By Alison Whipple
San Francisco Estuary Institute-Aquatic Science Center
Teetering atop a haystack to get his bearings, Sacramento County Surveyor Edwin Sherman observed “dense tules and willows” lining the sloughs that wove through “large tule plains and some grass.” The haystack also afforded him a dry bed at night when high tides inundated the surrounding wetlands of the Sacramento-San Joaquin Delta.
It was August 1859. Sherman was measuring the widths of the sloughs and noting the tidal patterns of the eastern Delta. He later recounted those details in a court case determining whether claimants to the Rancho Sanjon de los Moquelumnes Mexican land grant would retain title now that California was part of the United States.
Little did Sherman know that more than 150 years later his testimony and maps would help reveal what the Delta looked like and how it worked back then.
Scientists with the San Francisco Estuary Institute-Aquatic Science Center wanted to know. A clearer window into the past would help scientists, managers and policymakers envision a Delta of the future – one that would support native species and improve ecosystem function under climate change and continued changes in land and water use.
In 2009, the Institute, with funding from the California Department of Fish and Game, began a collaborative effort to reconstruct in maps, text and graphics what had been the heart of the vast wetland system in the San Francisco Estuary and Central Valley. The resulting report on the historical ecology of the Sacramento-San Joaquin Delta was released Sept. 13. The research already has inspired collaboration on an “interactive map” of the historical Delta, between KQED-San Francisco’s science program “Quest,” Stanford University’s Bill Lane Center for the American West, and the Institute.
Getting to know a place as it was more than 160 years ago is daunting, but also incredibly rewarding. So much of the Delta’s native landscape has been erased or rearranged. Extensive reclamation of marshes for farming, massive water pumping, and upstream diversions to supply more than 25 million Californians and millions of acres of Central Valley farmland have profoundly affected the Delta’s native ecosystem. With only fragments of native habitat remaining, it is difficult to imagine how the pieces once fit together. Sherman would have a hard time recognizing the place, though 1,100 miles of levees would offer him many high and dry vantage points.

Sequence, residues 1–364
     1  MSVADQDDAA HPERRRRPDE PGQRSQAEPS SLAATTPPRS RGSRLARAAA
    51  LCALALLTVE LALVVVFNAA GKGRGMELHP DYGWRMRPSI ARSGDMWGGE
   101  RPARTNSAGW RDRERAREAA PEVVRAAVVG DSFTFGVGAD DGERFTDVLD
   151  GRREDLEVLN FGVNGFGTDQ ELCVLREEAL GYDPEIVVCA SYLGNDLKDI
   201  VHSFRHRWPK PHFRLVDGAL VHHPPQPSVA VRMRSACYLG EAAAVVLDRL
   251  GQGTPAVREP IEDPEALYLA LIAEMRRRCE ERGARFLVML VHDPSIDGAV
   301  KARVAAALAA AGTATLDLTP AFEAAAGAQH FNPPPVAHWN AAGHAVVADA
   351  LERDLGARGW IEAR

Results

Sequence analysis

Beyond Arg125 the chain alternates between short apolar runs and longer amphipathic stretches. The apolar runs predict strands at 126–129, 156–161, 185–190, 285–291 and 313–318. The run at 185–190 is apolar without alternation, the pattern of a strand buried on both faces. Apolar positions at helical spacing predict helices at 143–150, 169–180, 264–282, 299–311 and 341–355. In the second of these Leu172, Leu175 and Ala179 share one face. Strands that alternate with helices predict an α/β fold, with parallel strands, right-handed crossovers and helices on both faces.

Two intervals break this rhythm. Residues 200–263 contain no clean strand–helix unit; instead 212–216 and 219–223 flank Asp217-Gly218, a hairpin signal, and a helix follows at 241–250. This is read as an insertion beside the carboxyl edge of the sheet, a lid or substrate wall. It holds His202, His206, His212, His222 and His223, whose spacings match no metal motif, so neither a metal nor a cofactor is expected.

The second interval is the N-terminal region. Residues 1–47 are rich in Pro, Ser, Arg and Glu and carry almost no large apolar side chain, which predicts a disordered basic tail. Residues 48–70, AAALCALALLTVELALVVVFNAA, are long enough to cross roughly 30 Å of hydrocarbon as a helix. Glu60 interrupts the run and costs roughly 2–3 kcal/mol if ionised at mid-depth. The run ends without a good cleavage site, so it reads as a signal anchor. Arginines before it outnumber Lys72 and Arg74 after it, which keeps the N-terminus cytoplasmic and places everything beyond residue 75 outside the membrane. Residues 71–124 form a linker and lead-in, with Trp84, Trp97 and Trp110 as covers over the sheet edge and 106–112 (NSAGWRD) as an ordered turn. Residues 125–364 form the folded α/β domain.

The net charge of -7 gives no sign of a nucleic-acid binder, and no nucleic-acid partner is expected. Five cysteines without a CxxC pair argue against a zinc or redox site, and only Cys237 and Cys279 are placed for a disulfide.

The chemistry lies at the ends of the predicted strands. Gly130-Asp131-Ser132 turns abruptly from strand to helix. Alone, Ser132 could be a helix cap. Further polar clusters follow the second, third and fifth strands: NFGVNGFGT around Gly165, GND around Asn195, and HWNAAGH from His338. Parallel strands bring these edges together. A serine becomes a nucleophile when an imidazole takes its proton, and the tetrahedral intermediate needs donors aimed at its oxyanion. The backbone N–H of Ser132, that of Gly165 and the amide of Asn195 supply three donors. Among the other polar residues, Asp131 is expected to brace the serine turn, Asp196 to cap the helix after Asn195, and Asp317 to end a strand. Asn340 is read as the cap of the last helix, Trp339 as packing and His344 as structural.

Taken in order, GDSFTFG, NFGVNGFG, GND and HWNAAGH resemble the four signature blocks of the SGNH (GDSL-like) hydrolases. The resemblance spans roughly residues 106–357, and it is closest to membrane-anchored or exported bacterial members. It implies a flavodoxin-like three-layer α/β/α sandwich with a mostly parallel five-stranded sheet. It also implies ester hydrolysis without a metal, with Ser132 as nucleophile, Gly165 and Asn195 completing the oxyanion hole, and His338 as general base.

To reconstruct the pre-developed Delta of the early 1800s, the research team collected a wide variety of sources from more than 40 archives and institutions and numerous online databases. The team combed for clues in old navigational charts, government land surveys, hand-drawn maps, photos, diaries – you name it. No single source told the whole story. Together, the thousands of bits of evidence revealed Delta-wide landscape patterns and local details of a complex and productive ecosystem, compared with today’s largely homogenous and poorly functioning one.
Early Delta maps showed features such as forests along rivers where orchards now stand and vast lakes that today are only depressions. Aerial photos from the 1930s also provided pieces of the puzzle. Tonal signatures in the soil indicated former channels – waterways too small to be shown in early Delta maps.
Hand-written and oral accounts often helped fill in the details of what the place was like on the ground. Worn and yellowed pages found in a state archive contained a hunter’s story of becoming lost one winter night around 1850. Hiking in the dark with dead ducks strung over his shoulders, he and his companion thrashed through “a vast wilderness of tules 10 to 15 feet in height.” They fell into numerous ponds, including one that “proved to be from 100 to 300 yards in width, as near as we could judge. The water was very cold and often waist-deep.”
As with the Sherman testimony, lawyers of the 1800s sometimes asked witnesses the same questions researchers today have about the past Delta: How deep is the water? What is the range of tides and how far do they extend? What is the width of that slough?
Patterns in the historical landscape began to emerge as one source led to another and accounts from travelers and surveyors clarified confusing features on maps. Using Geographic Information Systems software, the team synthesized the many pieces of information into a map of the early 1800s Delta habitat types.
One striking aspect of the map is the capillary-like networks of numerous tidal channels that dissipated into the wetlands. Most of those have been filled in, while the main sloughs and rivers delineating the Delta islands remain. Interestingly, the ratio of marsh to open water has essentially reversed, as only 3 percent of the historical wetland acreage exists today.